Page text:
George Best fake fiver scam exposed
Published 15/09/2008 | 06:00
A George Best bootlegger who tried to cash in on the football legend’s death has scored a desperate own goal — and landed a four-month jail sentence.
Career criminal Kenneth Lennon was running a scam selling fake Ulster Bank fivers — made to commemorate the tragic Manchester United star — from his south Armagh home.
The limited special edition bank notes, brought out by Ulster Bank on the first anniversary of Best’s death, were launched at a special ceremony in which George’s sister Barbara McNarry was given the first in a million-note run and her father Dickie was given the final note, bearing the serial number 1000000.
Best, in both his Man Utd and Northern Ireland kits, was the first person to be featured by the bank on the commemorative notes. As well as marking the passing of Northern Ireland’s greatest ever footballer, the notes had a dual purpose of raising money for charity as the Ulster Bank donated cash to the George Best Foundation to support the organisation’s promotion of cross-community football schemes.
And the coveted fivers are still being snapped at charity auctions and are changing hands on internet auction houses for up to £70 a time.
But bootlegger Lennon was producing his own ‘bank notes’ on sophisticated printing equipment he had installed at his Camlough home to line his own pockets.
The George Best Foundation — run by George’s sister Barbara and her husband Norman McNarry — was aware that forgers were cashing in on the charity notes and had little sympathy for the counterfeiter who faces jail for ripping off Bestie’s memory.
“The commemorative notes have been valuable to the foundation and they are very valuable to individual charities that use them to raise funds.
“We wouldn’t have much sympathy for a person who for their own gain would deprive our charity and other charities of money for their very valuable causes,” said Mr McNarry.
“We have been warned that there are a number of copies out there, and although we haven’t seen them, I am told that they are of very high quality and could easily dupe an unsuspecting victim.
“We are also aware that there are so many forgeries out there of items that carry George’s signature.
“There are only a few firms that are licensed to sell material that carries George’s signature, but there is a culture out there that will try to forge legitimate goods to cash in for themselves — you only have to look on eBay to see the stuff.
“It’s particularly sad when items that are designed with charity in mind are exploited in this way.”
As well as his line of fake bank notes, Lennon was also churning out hundreds of fake DVDs, music CDs, designer clothes and replica
football kits from the house he had turned into his own crooked factory.
When cops raided his home in the Cambrook estate last July, they were hunting for counterfeit currency.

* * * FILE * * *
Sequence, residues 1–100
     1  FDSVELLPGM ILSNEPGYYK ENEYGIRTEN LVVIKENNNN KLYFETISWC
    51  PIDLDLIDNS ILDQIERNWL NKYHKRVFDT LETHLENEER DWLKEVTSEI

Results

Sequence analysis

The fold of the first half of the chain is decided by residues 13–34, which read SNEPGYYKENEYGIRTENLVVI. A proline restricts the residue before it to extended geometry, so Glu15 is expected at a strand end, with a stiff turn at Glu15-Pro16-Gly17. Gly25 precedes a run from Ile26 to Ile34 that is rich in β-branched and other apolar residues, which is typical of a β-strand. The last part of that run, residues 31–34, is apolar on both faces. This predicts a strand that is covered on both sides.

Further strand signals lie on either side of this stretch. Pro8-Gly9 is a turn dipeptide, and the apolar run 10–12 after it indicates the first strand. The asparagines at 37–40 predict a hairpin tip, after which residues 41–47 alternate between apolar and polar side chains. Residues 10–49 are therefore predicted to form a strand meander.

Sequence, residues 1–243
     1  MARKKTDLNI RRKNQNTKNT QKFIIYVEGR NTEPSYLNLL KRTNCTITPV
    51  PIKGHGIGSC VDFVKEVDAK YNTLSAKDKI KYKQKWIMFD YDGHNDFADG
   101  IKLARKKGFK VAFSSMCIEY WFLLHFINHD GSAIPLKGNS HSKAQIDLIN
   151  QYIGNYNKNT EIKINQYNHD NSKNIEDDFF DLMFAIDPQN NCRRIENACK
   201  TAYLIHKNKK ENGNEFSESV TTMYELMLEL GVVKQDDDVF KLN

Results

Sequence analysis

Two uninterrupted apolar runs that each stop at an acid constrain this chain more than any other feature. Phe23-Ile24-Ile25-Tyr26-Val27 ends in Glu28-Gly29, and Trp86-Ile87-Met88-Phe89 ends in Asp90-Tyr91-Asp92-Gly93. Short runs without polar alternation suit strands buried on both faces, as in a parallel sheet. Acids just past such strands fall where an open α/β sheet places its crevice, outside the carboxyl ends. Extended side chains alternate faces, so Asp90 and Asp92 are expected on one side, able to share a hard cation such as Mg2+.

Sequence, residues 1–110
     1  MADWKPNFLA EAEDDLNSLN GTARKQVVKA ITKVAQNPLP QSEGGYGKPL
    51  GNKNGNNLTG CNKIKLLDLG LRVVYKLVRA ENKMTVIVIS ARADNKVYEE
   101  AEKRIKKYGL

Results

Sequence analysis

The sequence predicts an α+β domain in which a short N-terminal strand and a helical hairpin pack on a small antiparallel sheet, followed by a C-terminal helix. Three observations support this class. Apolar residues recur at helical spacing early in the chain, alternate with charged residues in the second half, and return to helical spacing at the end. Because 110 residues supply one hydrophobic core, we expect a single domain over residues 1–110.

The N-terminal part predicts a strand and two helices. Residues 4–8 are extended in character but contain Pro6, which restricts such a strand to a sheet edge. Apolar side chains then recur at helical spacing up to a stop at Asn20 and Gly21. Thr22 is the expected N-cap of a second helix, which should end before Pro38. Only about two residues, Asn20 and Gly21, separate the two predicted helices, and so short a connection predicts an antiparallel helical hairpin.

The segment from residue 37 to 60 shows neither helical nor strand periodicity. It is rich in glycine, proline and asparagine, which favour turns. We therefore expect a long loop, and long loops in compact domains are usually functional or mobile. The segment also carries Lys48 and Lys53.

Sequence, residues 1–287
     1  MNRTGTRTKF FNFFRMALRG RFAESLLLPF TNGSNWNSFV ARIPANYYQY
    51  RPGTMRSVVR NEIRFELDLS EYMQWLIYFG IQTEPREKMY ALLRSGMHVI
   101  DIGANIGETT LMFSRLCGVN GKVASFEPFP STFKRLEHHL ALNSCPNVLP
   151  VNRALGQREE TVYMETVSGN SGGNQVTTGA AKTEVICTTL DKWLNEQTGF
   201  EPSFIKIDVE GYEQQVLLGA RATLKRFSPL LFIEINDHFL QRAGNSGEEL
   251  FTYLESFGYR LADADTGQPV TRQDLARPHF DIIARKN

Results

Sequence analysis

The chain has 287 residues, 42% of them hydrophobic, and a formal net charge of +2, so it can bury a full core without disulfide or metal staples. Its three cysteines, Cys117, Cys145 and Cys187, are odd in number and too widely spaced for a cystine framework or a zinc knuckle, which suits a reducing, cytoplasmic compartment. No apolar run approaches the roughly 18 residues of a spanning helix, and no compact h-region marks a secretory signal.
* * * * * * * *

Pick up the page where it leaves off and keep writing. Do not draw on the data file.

But they discovered a whole Aladdin’s cave of ripped off goods and a range of sophisticated copying equipment to produce high quality copies of movies and packaging.
And when they searched the boot of the banned driver Lennon’s car they found hundreds more fake DVDs — including the Fantastic Four Rise of the Silver Surfer, which was still in cinemas at the time — bundled up to sell on.
At Newry Magistrates Court last week, Lennon pleaded guilty to 19 counts of counterfeiting goods and one count of possessing fake currency.
Among the brand names he was ripping off were Virgin, Universal, Warner Bros, 20th Century Fox, Walt Disney, Dolce and Gabbanna, Armani and Lacoste.
He had also been caught with fake Manchester United football strips. It’s understood that Lennon was flogging the fakes through weekly markets at Nutt’s Corner and Jonesborough.
According to his lawyer, when he was caught out Lennon let on he regretted running the illegal business “to earn a few extra pounds for his family”.
Lennon’s lawyer added: “He was very frank in interviews . . . he started it (the racket) off and it got bigger than he anticipated.”
But, as his lawyer argued for leniency, the shameless bootlegger was standing just feet away in the dock of Newry Magistrates Court wearing one of the rip-off Fred Perry tracksuits that was about to earn him one of 20 concurrent four-month jail terms!
Lennon — who works as a landscape gardener when he is not bootlegging and was also described in a court as a “talented carpenter” — has a lengthy criminal history that stretches to 14-PAGES.
Among the 149 previous offences he has clocked up are charges of fraud, theft and dishonesty. And last year he was handed a five-month jail sentence when he appeared before Armagh Magistrates Court charged with driving while disqualified, having no vehicle test certificate and no insurance.
That sentence was later reduced to three months in jail suspended for three years, but was hanging over his head last week when he was being sentenced.
Jailing Lennon for counterfeiting, District Judge Paul Copeland said: “This is an extremely serious matter and the type of theft that has far-reaching implications, as you well know, being steeped in the production of these illegal items for some time.
“It appears to me you were engaged on a substantial commercial basis, the phrase ‘factory’ shows it was a dedicated and productive process you have been on.”
Mr Copeland handed Lennon a four-month sentence on each of the charges.
However, he later agreed to free Lennon on bail of £750 while he appeals the prison sentence imposed.